The first day went quietly, though the boy told everyone at school who would listen about his snowman, nobody really wanted to hear. They still had their own snowmen in their heads, their own memories of the last week of so of snow to try to grasp onto, in the hopes they wouldn’t fade. Of course, they did. And a couple of days in, people started to listen to the boy. Some came after school and stood and stared, almost as immobile as the thing they stared at.

The snowman stood there, looking out across the street, seemingly intent on watching the bird house in the opposite garden, ignoring the impressed faces of the boy’s friends. A few of the neighbours stared too, that child-like curiosity that never quite leaves almost forcing them to stop what they were doing and nod in appreciation. The snowman still stood.

Days seemed to come and go, each morning bringing the same surprise. Mr Jackson’s fixed grin as he got into his car for work seemed to match that of the snowman that refused to melt. Mrs Jackson had to walk past it too, as she left the house each day she held herself that little bit taller, her shoulders slumped less, and her smile genuine. Each night though, she still came home a broken woman, as the drugs still coursed in her veins and the agony and discomfort still made her dying body scream. The treatment she had to endure seemed impossible, but, then, so was this snowman, and as stupid as that made her feel, it brought her happiness.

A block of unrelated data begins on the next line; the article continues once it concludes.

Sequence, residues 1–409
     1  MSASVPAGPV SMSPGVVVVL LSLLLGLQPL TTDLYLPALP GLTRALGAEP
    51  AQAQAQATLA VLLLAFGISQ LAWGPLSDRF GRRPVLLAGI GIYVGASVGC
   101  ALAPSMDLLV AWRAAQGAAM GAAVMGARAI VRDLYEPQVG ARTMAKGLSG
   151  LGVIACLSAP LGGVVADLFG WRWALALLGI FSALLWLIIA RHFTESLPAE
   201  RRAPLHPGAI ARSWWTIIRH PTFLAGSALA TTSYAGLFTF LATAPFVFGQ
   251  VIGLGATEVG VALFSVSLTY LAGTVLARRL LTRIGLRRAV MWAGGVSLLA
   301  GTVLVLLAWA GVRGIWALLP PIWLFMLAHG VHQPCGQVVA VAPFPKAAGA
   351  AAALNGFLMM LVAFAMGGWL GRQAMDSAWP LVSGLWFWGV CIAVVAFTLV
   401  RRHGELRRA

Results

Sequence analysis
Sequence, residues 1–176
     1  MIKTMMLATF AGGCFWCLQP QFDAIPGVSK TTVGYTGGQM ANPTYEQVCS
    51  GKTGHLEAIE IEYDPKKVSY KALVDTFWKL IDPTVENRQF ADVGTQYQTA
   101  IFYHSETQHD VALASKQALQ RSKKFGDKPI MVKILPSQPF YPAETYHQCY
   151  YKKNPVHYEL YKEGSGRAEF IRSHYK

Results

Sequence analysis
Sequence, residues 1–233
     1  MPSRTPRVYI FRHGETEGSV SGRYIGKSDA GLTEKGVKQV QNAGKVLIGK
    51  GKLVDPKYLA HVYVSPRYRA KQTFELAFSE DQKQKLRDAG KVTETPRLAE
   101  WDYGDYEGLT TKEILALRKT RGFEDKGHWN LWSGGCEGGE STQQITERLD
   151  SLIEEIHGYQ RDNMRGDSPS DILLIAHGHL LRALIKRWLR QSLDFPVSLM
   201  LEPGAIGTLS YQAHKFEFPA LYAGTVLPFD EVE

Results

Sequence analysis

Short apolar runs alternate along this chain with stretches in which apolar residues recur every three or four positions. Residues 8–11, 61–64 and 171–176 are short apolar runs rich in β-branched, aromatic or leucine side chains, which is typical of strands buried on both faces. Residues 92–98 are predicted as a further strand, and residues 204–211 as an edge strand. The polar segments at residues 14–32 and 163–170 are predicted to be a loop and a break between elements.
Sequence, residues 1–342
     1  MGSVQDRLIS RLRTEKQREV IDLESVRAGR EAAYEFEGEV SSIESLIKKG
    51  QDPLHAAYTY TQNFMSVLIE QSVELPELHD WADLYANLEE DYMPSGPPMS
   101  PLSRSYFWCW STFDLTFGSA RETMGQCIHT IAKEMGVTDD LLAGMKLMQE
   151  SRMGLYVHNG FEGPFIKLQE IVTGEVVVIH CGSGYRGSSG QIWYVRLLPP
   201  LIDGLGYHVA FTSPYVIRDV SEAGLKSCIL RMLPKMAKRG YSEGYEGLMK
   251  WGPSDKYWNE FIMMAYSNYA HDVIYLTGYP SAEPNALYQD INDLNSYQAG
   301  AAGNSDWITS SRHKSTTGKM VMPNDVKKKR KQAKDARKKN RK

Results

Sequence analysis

It made the papers. The local ones, at least. A car pulled up and a lady asked a lot of questions and a nice man took pictures of the boy next to the snowman, and they went away. It didn’t make the front page, of course, but it got the whole of page seven, the lady had spoke to people on the street over the phone as well as the Jacksons, and had come to the conclusion that this snowman was a good thing. Look, it said, life is good. Look what it throws at you. And life was good, they were right. Nobody even questioned why it still stood anymore, well, they said, it wasn’t like it was really warm outside, it must have just been a well-packed snowman. And it was.

One night, a vicious storm came. The winds whipped at people’s backs, as if shooing them home, the trees bent and the narrow streets whistled. Most stayed in that night, sat round in the warmth and tried not to listen as phone lines were toppled and badly made fences showed their true colours. That in-built sense of hiding from the badness – a thing passed down thousands of generations and right back to the cave-dwellers – kept them all huddled in their protective shells.

The next morning, they had emerged, and all about them chaos had been wrought. People stared down at decapitated gnomes in gardens that never seen gnomes before, trampolines had been flung from back yards and left in the street, lying on their sides. But, somehow, the snowman still stood.